It’s that time of year again…colds and flus become more common than a headline about George Clooney’s love life and docs alike are asked which supplements boost the immune system.

At the risk of playing favorites, I cannot write the Immune Issue and discuss specific therapies to stay healthy during winter, without devoting much of the print to probiotics, especially considering the still rampant and often needless rx of antibiotics.

Exposure to “bad bugs” occurs at all mucosal surfaces of the body—the respiratory, genitourinary and gastrointestinal tracts. For this reason, these mucosal surfaces also contain billions of good bacteria, an integral part of your immune system. At birth, the intestinal immune system and probiotic colonization are poorly developed; but by age 2, both are comparable to that of an adult and are considered mature.

Probiotics are gaining considerable popularity in the academic world because their benefits seem to be infinite—much like their concentration (roughly 100 000 billion). Depending on the strain and dose, different immune reactions are influenced.

Here is the short-list of probiotic benefits on the immune system:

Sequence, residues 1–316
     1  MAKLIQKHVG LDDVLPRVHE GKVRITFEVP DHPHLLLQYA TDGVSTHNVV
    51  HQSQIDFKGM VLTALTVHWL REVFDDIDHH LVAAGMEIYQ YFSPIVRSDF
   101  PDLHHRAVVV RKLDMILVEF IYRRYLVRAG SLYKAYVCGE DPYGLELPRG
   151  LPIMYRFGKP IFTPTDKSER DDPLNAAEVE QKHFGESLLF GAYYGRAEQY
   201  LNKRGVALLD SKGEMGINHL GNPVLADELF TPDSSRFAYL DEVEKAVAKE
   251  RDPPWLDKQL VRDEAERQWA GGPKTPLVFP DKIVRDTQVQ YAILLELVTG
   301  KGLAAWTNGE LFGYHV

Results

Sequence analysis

• Directly influence the release of inflammatory compounds from intestine cells, reducing inflammation.
  • Increase macrophage activity to recruit other immune cells to fight an infection.
  • Stimulate Natural Killer (NK) cells to cause cell death in infected immune cells and certain tumor cells.
  • In the elderly, who have a greater risk of infection complications, a greater response of macrophages and NK cells occurs with probiotic consumption.
  • Stimulates IgA production locally and systemically—the antibody that acts as your first line of defense against pathogens.
  • Pushes a Th1-dominant immune state, which is present in inflammatory/autoimmune conditions, like Crohn’s, colitis, rheumatoid arthritis and multiple sclerosis, towards Th2, reducing inflammation.
  • Pushes a Th2-dominant state, responsible for allergies and atopic dermatitis (eczema), towards a Th1 state, reducing atopy.
  • Certain strains can physically breakdown casein, the protein in dairy which responsible for many food allergies and sensitivities.